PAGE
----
The embarrassing largess of the Maine Turnpike Authority is a teachable moment for those who constantly insist that government agencies — or quasi-government entities, like the Turnpike — should behave more like private business.

A new report by the state’s excellent Office of Program Evaluation and Government Accountability has confirmed what’s been known, or long suspected, about how the Turnpike operates: Money, at times, is no object.

Anecdotes have leaked out over the years. An infamous $1,342 dinner bill comes to mind, as does a trip to Austria for Turnpike executives, some board members and their spouses for the purported business purpose of attending an international transportation convention.

Both events sparked outrage. So should the findings of the OPEGA report. While the report gave the Turnpike Authority overall high marks as an effective agency, it also divulged details about other questionable spending: limousines, expensive hotels, excessive travel and extensive gift-giving to employees and others.

Now, the Turnpike Authority says that’s all in the past and that spending on travel and meals has dropped considerably over the last few years.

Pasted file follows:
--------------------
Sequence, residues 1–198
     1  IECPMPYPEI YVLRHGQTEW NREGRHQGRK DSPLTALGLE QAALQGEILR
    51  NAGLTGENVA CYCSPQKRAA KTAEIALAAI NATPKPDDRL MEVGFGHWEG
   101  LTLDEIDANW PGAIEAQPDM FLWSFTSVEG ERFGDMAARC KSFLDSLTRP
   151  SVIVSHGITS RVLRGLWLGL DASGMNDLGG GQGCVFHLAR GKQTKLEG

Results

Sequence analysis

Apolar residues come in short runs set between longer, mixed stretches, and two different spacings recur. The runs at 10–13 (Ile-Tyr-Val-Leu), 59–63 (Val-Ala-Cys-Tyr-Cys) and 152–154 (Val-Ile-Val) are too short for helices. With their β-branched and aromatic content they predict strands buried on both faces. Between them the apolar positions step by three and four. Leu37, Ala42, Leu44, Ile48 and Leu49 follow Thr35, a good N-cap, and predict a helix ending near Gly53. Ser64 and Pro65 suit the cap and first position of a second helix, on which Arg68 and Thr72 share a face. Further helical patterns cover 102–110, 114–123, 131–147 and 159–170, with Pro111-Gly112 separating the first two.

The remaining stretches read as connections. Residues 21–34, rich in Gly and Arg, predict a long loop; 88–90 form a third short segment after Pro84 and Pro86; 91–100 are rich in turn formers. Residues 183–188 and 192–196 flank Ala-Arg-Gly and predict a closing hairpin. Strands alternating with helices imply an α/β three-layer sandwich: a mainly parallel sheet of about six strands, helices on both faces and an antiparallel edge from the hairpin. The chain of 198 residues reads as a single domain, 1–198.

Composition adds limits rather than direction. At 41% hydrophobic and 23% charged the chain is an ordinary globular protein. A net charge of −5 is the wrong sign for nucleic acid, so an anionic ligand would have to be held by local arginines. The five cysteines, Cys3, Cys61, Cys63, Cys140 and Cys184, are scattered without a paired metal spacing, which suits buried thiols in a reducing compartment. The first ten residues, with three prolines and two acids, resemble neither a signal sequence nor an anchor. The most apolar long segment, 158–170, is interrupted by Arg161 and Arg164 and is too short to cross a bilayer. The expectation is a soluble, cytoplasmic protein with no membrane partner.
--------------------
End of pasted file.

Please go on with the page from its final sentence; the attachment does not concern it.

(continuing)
That’s good, but the toll already has been paid. The concern is not what’s been done; it’s what will be learned.

The obvious lesson is that there’s no room for such extravagance on behalf of any Maine governmental entity, whether it raises its own revenue or not. While the Turnpike’s income derives from tolls, those dollars and E-ZPass debits are bestowed to support the road.

Not a limo that drives upon it.

Also, it remains unclear what Maine has received in return for its Turnpike investments, except for higher tolls. The Turnpike spent more than $1 million on meals and travel from 2005 to 2009, according to the OPEGA report, plus another half-million on lobbying.

All one must do is travel, at speed, through New Hampshire’s new tollway on I-95, only to reach a bottleneck at the York plaza, to see that this state remains behind the times.

The Turnpike Authority has much to answer for with its spending because it’s essentially a public agency, created by the Legislature to provide a public service.

If it were a private business, the perception of its actions would be quite different.

But neither the Turnpike, nor any public entity, is a business.

It has business functions, but a crucial part of operating a business – the ability to enjoy the spoils of profit – does not apply.